Chin Implant

As part of the aging process our skin progressively loses its elasticity and our muscles tend to slacken. The stresses of daily life, effects of gravity and exposure to sun can be seen on our faces. The folds and smile lines deepen the corners of the mouth droop, the jaw line sags and the skin of the neck becomes slack. Around the eyes, the eyebrows droop and the skin of the eyelids gathers in loose folds. In the skin the first sign is fine wrinkles developing around the lips, at the outer corners of the eye and lines of expression. The rate at which this happens varies from one person to another and is probably determined by our genes. Substantial weight loss can produce similar changes in facial appearance to those of the ageing process.

Who Will Benifits?

The best candidate is one whose face and neck has begun to sag, but whose skin still has some elasticity and whose bone structure is strong and well defined. Most patients are in their 40’s to 60’s, but facelifts can be done successfully on people in their 70’s or 80’s.
It should not be obvious that a patient has had a facelift, but instead they look younger, more vital and cheerful. It is a procedure that technically works well but also increases morale and is well appreciated by the patient.

Before The Operation

If you are overweight and intend to lose it you should do so before the operation. This allows the surgeon to remove more skin and therefore achieve a more pleasing result. You should avoid taking tablets containing aspirin and non steroidal anti-inflammatory drugs such as Combiflam or Brufen for at least two weeks before surgery as they increase the risk of bleeding.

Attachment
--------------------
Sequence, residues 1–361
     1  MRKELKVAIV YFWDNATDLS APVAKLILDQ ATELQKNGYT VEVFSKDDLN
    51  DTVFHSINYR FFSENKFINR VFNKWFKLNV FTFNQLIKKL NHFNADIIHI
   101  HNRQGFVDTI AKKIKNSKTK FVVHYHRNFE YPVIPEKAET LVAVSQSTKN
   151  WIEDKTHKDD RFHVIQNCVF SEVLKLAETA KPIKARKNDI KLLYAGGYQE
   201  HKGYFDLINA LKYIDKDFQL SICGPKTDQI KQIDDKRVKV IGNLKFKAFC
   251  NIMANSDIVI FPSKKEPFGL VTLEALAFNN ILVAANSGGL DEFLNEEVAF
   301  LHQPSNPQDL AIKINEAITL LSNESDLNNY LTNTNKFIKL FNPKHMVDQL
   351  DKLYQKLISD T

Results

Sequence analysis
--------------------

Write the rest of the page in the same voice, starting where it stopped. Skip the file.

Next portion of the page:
You should stop smoking at least two weeks before surgery as this is the main cause of reduced healing. It decreases circulation of the skin flaps, particularly behind the ears. Have your hair permed and tinted, if you wish, before your operation as fresh scars are sensitive to these chemicals for a few weeks.

The Operation

A facelift is carried out under general anaesthesia. It is possible to carry out the procedure under local anaesthetic and intravenous sedation but the patient would still be advised to spend the night in hospital. The procedure, although long, can be combined with other operations of all sorts. The most common however would be an forehead or brow lift and an eyelid surgery (Blepharoplasty). Other extra procedures which can be used to enhance the face at the same time are malar (cheek bone) and chin augmentation and lip enhancement.

Forehead lift is designed to tighten the skin of the upper half of the face, as opposed to the standard facelift which helps the lower half of the face.
Incisions are made above the hair line at the temples and extend in a natural line down the front of the ear, or just inside the cartilage at the front of the ear, and continue around behind the earlobe and up in the crease behind the ear and off into the lower scalp. Occasionally it may be necessary to make a small incision under the chin. Sometimes only the skin is lifted following separation from the underlying platysma muscle (Classical Face lift).